LONDON (Reuters) - Factory activity across the euro zone contracted sharply last month as demand was again stifled by the U.S. trade war with China and the persistent lack of clarity over Britain’s departure from the European Union, a survey showed.
Worryingly for policymakers at the European Central Bank, who have restarted a 2.6 trillion euro (£2.3 trillion) bond-buying programme after cutting interest rates on deposits in September, the malaise appears to be spread across the region.
New ECB President Christine Lagarde will have to heal a rift between representatives of cash-rich countries such as Germany, the Netherlands and France, who opposed the decision to resume bond purchases, and the struggling periphery.
But those struggles appear widespread and manufacturing activity in Germany, Europe’s largest economy, remained stuck in recession last month as new orders fell for the 13th month running and factories slashed jobs at the fastest pace in almost 10 years.
Italian manufacturing activity declined for the 13th month running while in Spain it contracted for a fifth month as political turmoil at home and abroad took their toll.
However, the other of the bloc’s four biggest economies, France, bucked the trend and factory growth increased modestly, likely supported by billions of euros of stimulus from the government.
IHS Markit’s final manufacturing Purchasing Managers’ Index (PMI) for the euro zone was 45.9, barely above September’s seven-year low reading of 45.7 and its ninth month below the 50 mark separating growth from contraction.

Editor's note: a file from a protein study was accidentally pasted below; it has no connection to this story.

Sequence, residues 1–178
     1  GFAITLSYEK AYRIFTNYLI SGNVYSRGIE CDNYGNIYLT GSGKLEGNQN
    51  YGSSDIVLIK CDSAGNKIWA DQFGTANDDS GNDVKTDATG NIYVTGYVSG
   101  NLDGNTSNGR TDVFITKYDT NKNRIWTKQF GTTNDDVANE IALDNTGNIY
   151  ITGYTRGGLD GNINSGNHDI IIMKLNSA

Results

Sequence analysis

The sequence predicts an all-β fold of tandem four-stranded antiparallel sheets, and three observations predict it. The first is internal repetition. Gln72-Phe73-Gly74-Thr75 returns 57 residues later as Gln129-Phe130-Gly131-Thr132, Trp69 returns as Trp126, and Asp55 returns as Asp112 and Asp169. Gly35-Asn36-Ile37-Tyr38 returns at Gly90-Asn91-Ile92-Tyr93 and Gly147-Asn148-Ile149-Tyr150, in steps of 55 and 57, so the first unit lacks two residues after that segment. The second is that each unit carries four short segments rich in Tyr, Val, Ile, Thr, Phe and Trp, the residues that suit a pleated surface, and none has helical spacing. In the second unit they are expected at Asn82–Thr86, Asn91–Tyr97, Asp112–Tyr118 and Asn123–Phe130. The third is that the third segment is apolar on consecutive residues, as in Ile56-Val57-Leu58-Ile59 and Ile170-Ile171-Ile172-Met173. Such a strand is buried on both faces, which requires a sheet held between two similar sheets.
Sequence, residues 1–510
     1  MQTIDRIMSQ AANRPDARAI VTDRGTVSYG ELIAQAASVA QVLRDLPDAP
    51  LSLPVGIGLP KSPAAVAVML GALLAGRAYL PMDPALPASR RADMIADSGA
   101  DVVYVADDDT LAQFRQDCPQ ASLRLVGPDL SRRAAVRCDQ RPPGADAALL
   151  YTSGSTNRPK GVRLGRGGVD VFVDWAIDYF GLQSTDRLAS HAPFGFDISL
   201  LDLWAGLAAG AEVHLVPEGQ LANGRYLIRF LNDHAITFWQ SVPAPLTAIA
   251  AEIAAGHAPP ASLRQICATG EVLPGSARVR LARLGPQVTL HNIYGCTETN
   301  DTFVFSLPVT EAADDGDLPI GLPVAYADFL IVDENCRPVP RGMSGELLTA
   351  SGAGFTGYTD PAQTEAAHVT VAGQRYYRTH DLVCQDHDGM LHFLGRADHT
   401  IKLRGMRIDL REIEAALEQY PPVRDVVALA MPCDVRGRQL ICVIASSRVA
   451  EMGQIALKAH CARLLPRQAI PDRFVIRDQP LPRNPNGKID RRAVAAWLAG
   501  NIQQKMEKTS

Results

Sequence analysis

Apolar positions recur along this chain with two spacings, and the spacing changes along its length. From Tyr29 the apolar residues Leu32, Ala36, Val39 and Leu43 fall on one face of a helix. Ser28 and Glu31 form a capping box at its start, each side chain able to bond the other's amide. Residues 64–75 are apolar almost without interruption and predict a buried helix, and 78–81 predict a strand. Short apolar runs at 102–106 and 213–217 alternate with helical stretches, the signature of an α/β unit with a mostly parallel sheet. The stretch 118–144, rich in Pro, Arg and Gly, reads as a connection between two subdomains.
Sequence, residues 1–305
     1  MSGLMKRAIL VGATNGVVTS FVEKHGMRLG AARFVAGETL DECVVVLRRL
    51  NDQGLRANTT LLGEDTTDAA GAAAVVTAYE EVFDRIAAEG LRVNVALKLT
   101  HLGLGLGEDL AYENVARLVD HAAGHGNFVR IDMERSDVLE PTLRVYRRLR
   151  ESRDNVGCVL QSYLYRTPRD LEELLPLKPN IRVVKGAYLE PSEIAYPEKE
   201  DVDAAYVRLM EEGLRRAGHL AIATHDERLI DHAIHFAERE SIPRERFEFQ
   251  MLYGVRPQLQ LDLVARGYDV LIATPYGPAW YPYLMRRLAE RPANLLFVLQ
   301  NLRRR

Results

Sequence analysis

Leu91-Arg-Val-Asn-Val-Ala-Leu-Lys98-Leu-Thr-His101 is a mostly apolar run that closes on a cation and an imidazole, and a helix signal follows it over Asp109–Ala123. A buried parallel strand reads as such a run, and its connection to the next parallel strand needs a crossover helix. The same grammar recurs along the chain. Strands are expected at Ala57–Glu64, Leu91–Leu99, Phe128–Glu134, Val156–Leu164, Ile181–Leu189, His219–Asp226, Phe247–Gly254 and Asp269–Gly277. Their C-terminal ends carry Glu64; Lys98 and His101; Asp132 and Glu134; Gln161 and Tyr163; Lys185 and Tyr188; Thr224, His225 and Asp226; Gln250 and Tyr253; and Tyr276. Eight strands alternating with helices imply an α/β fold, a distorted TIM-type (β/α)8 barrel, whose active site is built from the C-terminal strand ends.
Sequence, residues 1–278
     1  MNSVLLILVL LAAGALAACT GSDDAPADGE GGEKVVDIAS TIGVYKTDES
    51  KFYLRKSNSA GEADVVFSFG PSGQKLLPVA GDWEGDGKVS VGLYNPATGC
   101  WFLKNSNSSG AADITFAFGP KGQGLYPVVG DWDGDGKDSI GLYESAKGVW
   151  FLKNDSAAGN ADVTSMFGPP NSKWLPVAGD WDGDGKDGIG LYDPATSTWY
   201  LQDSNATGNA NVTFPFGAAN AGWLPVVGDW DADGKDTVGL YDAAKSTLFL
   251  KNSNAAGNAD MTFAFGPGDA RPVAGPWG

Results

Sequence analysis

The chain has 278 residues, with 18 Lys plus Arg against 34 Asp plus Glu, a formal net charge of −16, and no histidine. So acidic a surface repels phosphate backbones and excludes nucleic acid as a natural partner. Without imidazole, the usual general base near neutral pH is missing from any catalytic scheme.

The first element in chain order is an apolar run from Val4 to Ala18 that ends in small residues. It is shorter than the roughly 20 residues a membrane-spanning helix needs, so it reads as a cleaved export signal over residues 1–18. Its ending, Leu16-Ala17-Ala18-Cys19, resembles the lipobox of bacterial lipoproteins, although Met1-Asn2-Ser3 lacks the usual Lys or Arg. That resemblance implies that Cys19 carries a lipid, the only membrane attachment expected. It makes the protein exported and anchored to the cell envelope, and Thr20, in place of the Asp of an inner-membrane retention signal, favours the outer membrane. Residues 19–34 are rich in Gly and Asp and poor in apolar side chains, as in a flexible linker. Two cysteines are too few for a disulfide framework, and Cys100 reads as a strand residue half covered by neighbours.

“It was better than anticipated but it was still heavily in negative territory. It basically is telling us that the euro zone manufacturing sector is in recession,” said Peter Dixon at Commerzbank.
“To a large extent, it is because the euro zone is being hammered by the U.S.-China trade dispute which is hampering world trade.”
An index measuring output, which feeds into a composite PMI due on Wednesday that is seen as a good barometer of economic health, rose to 46.6 from September’s near seven-year low of 46.1.
New orders across the euro zone also fell, with the related index spending its 13th straight month below the breakeven mark, although it did rise to 45.3 from 43.4, IHS Markit said.
U.S. President Donald Trump on Friday suggested he could sign a long-awaited trade agreement with China that negotiations about a “phase one” agreement were going well. But last month he also began slapping tariffs on EU imports such as French wine and Spanish olives.
Meanwhile, Britain had been due to leave the European Union on Oct. 31 but has now had that delayed for the third time this year after Prime Minister Boris Johnson failed to get an exit deal through parliament in time.
Other forward-looking indicators in the survey suggest there won’t be any turnaround soon in the euro zone, despite factories cutting their prices for a fourth month in October.
Still, morale among investors in the bloc jumped in November to its highest level since June on signs of an economic upswing in Asia and resilience in the U.S. economy, another survey showed on Monday.
Editing by Hugh Lawson
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